FBI honors Stephens

Published 9:30 pm Monday, October 3, 2011

A Suffolk man known for leading the charge against violence in the community received an award Monday from the Federal Bureau of Investigation for his work.

Bob Stephens, co-founder and facilitator of the Community Action Coalition of Suffolk, is the local recipient of the FBI’s 2011 Director’s Community Leadership Award.

Special Agent in Charge Alex J. Turner of the Norfolk Field Office announced the award Monday, shortly before the ceremony where Stephens accepted the award.

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“I’m truly humbled,” Stephens said in a phone interview after the ceremony. “Like they say — to whom much is given, much is expected.”

Stephens formed the Community Action Coalition last year “in response to continued youth violence, juvenile delinquency, lack of responsive prevention and, ultimately, the citizens’ call for change,” according to a press release from the FBI.

Under Stephens’ leadership, the Community Action Coalition was instrumental in launching a student-led, anti-violence campaign known as Be Fight Free in the city’s schools during the 2010-2011 school year.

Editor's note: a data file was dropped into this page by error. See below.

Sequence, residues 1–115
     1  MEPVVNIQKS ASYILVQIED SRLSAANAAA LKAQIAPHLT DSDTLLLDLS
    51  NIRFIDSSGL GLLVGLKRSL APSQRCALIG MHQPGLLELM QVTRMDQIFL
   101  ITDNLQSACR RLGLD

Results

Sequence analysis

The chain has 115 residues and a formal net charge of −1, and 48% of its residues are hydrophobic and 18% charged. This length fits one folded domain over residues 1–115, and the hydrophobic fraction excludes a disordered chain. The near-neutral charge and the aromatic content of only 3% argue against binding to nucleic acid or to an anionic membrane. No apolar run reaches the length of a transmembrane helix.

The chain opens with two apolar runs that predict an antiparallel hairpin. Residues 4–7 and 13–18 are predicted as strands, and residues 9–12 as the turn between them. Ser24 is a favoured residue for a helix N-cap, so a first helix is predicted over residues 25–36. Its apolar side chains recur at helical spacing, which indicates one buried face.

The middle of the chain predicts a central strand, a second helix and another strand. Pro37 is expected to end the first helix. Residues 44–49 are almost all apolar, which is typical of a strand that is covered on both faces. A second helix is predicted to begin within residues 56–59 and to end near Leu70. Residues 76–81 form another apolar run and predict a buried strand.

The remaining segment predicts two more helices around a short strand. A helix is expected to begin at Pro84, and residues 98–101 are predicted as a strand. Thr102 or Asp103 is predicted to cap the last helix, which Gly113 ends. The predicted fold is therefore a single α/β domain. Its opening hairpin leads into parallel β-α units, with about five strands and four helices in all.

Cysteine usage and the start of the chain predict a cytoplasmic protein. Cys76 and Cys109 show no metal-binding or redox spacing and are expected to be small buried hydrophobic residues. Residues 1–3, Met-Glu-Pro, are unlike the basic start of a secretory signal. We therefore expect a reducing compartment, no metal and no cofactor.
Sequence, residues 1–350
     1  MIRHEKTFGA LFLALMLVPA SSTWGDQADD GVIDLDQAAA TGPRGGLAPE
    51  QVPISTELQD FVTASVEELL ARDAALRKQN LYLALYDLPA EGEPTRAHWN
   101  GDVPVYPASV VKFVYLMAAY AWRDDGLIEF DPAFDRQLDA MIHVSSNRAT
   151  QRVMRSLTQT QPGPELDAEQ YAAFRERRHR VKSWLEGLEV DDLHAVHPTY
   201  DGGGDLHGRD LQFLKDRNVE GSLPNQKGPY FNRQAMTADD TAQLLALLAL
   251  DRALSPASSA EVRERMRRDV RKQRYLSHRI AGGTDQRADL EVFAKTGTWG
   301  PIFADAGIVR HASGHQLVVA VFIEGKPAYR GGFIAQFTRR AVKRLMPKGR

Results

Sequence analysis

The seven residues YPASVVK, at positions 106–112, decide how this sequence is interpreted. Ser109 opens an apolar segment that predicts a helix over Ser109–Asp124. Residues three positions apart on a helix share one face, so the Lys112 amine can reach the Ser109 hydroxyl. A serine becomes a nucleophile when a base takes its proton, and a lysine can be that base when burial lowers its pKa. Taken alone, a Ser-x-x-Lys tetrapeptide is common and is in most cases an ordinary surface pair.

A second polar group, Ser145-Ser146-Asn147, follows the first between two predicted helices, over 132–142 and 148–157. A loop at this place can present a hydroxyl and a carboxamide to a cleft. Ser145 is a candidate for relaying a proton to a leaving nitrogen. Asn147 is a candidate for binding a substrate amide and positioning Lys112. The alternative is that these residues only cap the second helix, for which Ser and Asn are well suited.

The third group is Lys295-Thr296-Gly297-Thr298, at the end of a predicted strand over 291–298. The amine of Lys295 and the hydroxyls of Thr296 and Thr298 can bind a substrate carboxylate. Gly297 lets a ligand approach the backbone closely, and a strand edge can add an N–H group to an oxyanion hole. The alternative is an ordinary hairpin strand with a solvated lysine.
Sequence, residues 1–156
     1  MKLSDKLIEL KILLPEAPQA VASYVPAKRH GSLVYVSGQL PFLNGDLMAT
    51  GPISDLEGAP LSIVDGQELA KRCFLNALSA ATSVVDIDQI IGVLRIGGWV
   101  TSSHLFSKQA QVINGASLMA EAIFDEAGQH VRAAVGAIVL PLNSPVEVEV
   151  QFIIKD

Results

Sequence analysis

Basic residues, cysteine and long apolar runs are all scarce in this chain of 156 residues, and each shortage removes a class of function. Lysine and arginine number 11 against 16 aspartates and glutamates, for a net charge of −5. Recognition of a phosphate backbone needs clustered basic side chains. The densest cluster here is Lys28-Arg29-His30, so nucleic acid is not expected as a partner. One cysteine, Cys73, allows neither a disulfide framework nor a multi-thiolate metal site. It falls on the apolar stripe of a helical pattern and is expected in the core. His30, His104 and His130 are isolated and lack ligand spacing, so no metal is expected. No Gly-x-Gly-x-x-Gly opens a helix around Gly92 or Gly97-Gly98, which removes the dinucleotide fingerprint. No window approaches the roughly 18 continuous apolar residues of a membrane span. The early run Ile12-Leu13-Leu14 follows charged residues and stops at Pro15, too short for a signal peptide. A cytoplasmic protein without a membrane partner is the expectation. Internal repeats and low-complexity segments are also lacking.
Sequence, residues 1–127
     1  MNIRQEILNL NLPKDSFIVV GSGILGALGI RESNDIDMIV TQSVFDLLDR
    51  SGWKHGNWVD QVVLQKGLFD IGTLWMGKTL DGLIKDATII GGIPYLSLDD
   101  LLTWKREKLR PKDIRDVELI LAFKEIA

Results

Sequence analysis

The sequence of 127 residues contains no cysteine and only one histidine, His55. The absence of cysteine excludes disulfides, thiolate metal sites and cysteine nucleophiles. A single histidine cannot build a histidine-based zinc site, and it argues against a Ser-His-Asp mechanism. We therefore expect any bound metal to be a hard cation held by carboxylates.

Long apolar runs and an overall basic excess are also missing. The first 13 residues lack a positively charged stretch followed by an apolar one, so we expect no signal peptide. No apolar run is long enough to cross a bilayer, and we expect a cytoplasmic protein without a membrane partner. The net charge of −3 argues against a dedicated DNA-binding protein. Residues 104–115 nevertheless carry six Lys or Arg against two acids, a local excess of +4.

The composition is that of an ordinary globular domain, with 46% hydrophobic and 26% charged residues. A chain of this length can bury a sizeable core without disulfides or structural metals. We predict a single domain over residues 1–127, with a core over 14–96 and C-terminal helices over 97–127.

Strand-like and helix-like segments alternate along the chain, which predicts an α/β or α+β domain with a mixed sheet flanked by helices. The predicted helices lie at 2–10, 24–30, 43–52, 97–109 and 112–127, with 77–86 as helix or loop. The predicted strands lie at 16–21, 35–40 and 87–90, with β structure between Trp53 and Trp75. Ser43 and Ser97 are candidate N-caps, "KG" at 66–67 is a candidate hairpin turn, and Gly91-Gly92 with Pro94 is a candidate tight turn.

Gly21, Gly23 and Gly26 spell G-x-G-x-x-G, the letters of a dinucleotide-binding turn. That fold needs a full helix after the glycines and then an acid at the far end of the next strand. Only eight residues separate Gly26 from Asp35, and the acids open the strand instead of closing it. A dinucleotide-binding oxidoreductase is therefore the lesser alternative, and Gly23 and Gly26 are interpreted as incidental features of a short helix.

As part of the program, students formed BFF committees in each school, held Be Fight Free rallies, distributed BFF wristbands and buttons, placed campaign banners in school and asked fellow students to sign fight-free pledges.

“As a result of this effort, students have reportedly become more vocal and willing to reach outside the boundaries of schools and challenge the community at large to address violence,” according to the press release from the FBI.

The FBI Director’s Community Leadership Award was formally created in 1990 as a way to honor individuals and organizations for their efforts in combating crime, terrorism, drugs and violence in America.

Each of the FBI’s 56 field offices hands out an award each year. The winners are later recognized at a ceremony in Washington, D.C.

Stephens deflected praise to others involved in the movement.

“This award really goes to the youth, it goes to the administrators, it goes to people that stepped up and took a stand,” Stephens said. “I just happened to be the guy that was jumping and waving my hands and saying, ‘Hey, you know, we need to change some things.’”

Stephens, who also is involved in a number of other community organizations such as the Suffolk Center for Cultural Arts, said he did not get involved for personal recognition, but added, “I’m still appreciative.”

“This is about bringing communities together,” he said. “The fact that it’s got my name on it is certainly not indicative of anything I’ve done. It’s about what people working together have done.”